Topshop’s iconic flagship store on Oxford Street in London is up for sale.
The retailer — whose parent Arcadia Group collapsed into administration just days after Black Friday — has launched a sale process run by property investment firm Eastdil Secured on behalf of administrators KPMG. Multiple media outlets have suggested that the location carries a price tag of 420 million pounds, or roughly $582.1 million at current exchange.
According to United Kingdom-based newspaper The Sunday Times, which was the first to report details of the sale process, the building occupied by Topshop was valued at about 500 million pounds as recently as two years ago. However, the COVID-19 pandemic has taken a heavy toll on commercial real estate prices as millions of office workers were relegated to their home desks and consumers chose e-commerce over brick-and-mortar shopping.
Joint administrators’ proposals show that Apollo Global Management Inc. will receive the first 311.6 million pounds of the property’s sale. (The private equity firm served as the senior secured creditor of Redcastle (214 Oxford Street) Ltd., a company that is part of the Arcadia umbrella and owned the building. Arcadia Group Pension Trust Ltd., which is the second secured creditor, will then receive 185 million pounds.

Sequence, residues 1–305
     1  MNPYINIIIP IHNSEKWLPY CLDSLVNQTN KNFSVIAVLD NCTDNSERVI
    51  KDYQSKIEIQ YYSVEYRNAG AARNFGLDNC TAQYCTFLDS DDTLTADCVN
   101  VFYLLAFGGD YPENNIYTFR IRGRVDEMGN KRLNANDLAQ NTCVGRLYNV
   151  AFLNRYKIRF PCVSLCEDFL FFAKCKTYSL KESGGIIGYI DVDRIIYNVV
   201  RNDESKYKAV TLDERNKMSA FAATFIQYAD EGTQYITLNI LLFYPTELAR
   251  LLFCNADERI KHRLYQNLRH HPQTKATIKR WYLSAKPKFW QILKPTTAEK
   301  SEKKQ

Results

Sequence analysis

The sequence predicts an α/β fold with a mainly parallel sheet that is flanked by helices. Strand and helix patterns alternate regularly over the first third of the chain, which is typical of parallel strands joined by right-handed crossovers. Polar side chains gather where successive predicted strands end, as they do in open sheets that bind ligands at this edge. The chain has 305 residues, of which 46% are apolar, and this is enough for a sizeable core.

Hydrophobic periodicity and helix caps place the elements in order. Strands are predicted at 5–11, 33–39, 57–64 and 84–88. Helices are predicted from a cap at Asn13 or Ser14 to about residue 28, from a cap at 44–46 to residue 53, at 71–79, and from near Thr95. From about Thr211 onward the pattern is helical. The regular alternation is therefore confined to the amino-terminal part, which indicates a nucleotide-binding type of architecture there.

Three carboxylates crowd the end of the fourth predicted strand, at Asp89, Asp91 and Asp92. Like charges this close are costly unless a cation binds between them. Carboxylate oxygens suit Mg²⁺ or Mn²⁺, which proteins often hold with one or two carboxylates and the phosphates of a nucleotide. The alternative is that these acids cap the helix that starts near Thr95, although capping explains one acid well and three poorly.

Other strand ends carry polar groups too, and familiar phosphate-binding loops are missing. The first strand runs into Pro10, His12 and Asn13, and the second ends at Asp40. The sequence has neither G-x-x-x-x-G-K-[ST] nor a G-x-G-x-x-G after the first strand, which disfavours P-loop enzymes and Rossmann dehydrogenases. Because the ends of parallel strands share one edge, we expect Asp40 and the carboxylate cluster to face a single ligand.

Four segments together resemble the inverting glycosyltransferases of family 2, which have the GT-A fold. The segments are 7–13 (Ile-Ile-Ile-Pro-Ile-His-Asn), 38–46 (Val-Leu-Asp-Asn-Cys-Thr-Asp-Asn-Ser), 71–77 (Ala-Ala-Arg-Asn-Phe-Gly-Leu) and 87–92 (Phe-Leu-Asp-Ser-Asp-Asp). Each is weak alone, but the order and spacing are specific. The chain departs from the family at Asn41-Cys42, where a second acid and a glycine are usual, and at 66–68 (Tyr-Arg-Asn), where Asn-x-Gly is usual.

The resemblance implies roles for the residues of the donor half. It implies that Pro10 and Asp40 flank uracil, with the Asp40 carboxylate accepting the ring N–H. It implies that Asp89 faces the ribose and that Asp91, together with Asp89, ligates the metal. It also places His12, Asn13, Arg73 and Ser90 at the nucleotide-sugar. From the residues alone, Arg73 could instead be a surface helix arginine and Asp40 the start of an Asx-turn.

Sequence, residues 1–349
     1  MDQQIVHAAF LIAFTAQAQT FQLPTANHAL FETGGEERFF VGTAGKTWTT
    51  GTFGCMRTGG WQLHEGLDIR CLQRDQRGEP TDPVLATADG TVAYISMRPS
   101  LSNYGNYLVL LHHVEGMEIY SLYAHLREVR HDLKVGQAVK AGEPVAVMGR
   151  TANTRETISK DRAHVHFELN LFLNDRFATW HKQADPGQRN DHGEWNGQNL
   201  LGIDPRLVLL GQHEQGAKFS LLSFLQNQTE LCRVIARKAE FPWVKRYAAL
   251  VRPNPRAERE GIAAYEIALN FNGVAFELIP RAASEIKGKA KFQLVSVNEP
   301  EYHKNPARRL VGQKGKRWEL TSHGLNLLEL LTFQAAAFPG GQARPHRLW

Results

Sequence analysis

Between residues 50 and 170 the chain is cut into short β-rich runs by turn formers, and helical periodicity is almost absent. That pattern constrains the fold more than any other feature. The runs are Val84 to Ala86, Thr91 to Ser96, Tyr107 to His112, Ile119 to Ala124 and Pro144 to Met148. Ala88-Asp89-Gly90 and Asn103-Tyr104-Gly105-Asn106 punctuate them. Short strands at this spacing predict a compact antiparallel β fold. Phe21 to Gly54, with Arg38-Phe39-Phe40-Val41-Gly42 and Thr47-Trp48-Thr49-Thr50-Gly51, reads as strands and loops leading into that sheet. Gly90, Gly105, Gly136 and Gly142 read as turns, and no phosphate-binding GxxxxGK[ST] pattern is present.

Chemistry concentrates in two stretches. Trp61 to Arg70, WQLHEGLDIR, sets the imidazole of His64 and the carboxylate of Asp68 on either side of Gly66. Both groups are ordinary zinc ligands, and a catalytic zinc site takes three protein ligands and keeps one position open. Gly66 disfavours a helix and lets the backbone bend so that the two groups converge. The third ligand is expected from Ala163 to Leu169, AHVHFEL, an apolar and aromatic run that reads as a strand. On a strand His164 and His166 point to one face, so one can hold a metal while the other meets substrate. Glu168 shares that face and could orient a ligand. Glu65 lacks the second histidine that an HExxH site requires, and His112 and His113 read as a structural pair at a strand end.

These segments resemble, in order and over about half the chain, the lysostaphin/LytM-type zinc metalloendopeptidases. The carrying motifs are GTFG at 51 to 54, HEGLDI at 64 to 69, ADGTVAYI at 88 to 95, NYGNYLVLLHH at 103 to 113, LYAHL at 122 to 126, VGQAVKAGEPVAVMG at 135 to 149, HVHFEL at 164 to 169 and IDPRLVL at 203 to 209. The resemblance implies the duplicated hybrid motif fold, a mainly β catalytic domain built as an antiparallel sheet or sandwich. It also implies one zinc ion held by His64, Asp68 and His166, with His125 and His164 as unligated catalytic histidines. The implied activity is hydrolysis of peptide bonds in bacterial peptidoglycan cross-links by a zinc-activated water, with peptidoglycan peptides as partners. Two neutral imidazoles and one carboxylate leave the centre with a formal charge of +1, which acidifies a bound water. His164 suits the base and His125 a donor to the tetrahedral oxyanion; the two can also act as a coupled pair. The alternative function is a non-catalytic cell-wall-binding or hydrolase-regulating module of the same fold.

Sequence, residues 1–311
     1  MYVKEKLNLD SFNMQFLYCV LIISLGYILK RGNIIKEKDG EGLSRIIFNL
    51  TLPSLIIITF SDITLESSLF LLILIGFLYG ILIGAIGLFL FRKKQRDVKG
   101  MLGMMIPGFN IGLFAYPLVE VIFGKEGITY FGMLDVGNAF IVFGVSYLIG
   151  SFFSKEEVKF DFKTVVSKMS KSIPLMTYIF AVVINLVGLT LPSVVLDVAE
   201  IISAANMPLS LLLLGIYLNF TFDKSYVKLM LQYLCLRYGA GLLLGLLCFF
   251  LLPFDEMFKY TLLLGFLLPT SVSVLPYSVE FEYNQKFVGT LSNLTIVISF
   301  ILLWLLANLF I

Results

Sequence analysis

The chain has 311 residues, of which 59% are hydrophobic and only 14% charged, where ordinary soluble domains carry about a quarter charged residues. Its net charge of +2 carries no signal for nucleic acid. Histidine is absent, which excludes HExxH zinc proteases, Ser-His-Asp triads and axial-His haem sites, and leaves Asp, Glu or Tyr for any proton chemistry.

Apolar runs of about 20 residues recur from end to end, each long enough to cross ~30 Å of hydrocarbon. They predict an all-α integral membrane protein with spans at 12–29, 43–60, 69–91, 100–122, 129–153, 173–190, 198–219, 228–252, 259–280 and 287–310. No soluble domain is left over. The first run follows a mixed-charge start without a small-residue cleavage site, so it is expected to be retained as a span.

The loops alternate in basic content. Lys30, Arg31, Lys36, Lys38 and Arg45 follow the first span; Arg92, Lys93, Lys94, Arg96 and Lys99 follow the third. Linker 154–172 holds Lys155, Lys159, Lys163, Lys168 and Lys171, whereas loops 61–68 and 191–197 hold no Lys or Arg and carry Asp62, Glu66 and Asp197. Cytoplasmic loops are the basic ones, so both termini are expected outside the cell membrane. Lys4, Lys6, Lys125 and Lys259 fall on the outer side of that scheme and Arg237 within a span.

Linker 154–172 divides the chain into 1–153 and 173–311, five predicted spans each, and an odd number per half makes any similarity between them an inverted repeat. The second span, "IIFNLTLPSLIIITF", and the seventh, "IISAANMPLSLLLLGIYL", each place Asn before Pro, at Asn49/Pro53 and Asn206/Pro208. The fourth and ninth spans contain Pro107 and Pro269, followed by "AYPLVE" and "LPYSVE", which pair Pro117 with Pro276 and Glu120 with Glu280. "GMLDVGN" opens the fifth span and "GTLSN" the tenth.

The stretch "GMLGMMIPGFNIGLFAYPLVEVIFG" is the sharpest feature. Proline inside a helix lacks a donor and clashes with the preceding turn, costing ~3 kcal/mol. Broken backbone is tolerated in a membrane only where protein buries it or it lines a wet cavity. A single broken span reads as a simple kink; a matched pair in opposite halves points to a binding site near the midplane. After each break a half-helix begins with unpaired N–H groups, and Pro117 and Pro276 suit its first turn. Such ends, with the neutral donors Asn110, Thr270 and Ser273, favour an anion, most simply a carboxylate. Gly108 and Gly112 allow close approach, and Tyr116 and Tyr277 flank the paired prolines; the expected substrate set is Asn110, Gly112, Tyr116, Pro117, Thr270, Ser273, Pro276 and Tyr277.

Over the past several weeks, a number of retailers — including sportswear giant Nike, e-commerce behemoth Amazon, athletic group JD Sports and billionaire Mike Ashley’s Frasers Group — have expressed initial interest in acquiring Topshop’s flagship on Oxford Street.
The British high street itself is undergoing a broader restructuring, with specialty chain Marks & Spencer and department store John Lewis among the retailers looking to downsize their physical footprints.
Amid prolonged store closures and mass furloughs, Arcadia Group fell into administration in late November. Just over two months later, online fashion retailer Asos won the bidding war for the Topshop, Topman, Miss Selfridge and HIIT brands in a deal worth 330 million pounds, minus the store portfolio. At the time, Asos suggested that it would transform the labels into “digital-first” companies by integrating them onto its namesake platform; elevating their online experiences; and refreshing their design and marketing plays.